Columbia University's main campus will switch to hybrid learning — giving students the option to attend classes online rather than in person — for the rest of the semester amid protests over Israel's war with Hamas that have roiled colleges across the U.S.

"Safety is our highest priority as we strive to support our students' learning and all the required academic operations," the Ivy League university's provost, Angela V. Olinto, and chief operating officer, Cas Holloway, said in a statement late Monday.

Some students have said they are afraid to set foot on Columbia's campus with tensions running high.

The move comes as schools across the country, many of which have about two weeks of classes left before the semester ends, grapple with how to handle similar protests. Since the war began, colleges and universities have struggled to balance safety with free speech rights. Many long tolerated protests but are now doling out more heavy-handed discipline.

Tensions have risen since more than 100 pro-Palestinian demonstrators who had camped out on Columbia's upper Manhattan campus were arrested last week.

The arrests sparked renewed anti-war protests and encampments, including at New York University a few miles south of Columbia, where an encampment swelled to hundreds of protesters and police began to make arrests Monday night.

A police spokesperson said he did not know how many NYU protesters had been arrested. University spokesperson John Beckman said NYU was carrying on with classes Tuesday.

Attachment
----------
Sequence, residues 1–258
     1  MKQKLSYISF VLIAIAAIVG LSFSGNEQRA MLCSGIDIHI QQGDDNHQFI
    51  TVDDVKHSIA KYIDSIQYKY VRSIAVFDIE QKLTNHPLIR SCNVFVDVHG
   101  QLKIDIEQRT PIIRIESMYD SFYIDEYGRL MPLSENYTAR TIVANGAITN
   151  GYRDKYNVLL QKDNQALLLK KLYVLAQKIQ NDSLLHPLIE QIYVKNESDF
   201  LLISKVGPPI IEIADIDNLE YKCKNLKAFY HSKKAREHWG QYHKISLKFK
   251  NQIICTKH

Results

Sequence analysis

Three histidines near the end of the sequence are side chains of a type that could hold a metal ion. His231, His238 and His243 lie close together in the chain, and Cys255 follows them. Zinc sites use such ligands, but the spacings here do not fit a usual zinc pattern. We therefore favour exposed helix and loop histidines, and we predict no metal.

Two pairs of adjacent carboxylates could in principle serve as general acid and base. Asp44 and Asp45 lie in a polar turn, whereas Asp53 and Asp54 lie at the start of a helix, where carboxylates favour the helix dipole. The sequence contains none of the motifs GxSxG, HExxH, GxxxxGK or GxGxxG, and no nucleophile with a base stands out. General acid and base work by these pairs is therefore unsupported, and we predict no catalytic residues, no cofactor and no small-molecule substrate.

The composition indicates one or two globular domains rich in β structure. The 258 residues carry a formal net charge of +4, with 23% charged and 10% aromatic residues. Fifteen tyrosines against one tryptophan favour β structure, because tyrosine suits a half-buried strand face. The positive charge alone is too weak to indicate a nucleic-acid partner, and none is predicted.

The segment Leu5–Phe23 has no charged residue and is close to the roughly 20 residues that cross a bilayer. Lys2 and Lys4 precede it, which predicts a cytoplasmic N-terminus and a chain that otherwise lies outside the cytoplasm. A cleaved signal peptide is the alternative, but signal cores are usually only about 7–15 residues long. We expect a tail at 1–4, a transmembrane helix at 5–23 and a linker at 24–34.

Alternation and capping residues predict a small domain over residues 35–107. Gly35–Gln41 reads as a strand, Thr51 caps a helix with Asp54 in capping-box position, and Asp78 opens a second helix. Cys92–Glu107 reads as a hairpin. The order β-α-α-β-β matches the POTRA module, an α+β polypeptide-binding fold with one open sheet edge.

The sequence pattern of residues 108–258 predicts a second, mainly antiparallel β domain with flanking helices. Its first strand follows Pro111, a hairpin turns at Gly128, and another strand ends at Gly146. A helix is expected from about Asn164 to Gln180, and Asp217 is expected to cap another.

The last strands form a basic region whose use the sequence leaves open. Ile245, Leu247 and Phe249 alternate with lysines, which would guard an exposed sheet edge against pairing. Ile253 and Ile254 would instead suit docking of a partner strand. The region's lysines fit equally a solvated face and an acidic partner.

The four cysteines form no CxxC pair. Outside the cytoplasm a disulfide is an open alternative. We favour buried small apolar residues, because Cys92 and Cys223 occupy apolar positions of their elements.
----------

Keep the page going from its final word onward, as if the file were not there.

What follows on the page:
The protests have pitted students against one another, with pro-Palestinian students demanding that their schools condemn Israel's assault on Gaza and divest from companies that sell weapons to Israel. Some Jewish students, meanwhile, say much of the criticism of Israel has veered into antisemitism.

Columbia University President Minouche Shafik said in a message to the school community Monday that she was "deeply saddened" by what was happening on the campus.

"To deescalate the rancor and give us all a chance to consider next steps, I am announcing that all classes will be held virtually on Monday," Shafik wrote, noting that students who didn't live on campus should stay away.

Robert Kraft, who owns the New England Patriots football team and funded the Kraft Center for Jewish Student Life across from Columbia's campus, said he was suspending donations to the university.

"I am no longer confident that Columbia can protect its students and staff and I am not comfortable supporting the university until corrective action is taken," he said in a statement.

Campus protests began after Hamas' deadly attack on southern Israel, when militants killed about 1,200 people, most of them civilians, and took roughly 250 hostages. During the ensuing war, Israel has killed more than 34,000 Palestinians in the Gaza Strip, according to the local health ministry, which doesn't distinguish between combatants and noncombatants but says at least two-thirds of the dead are children and women.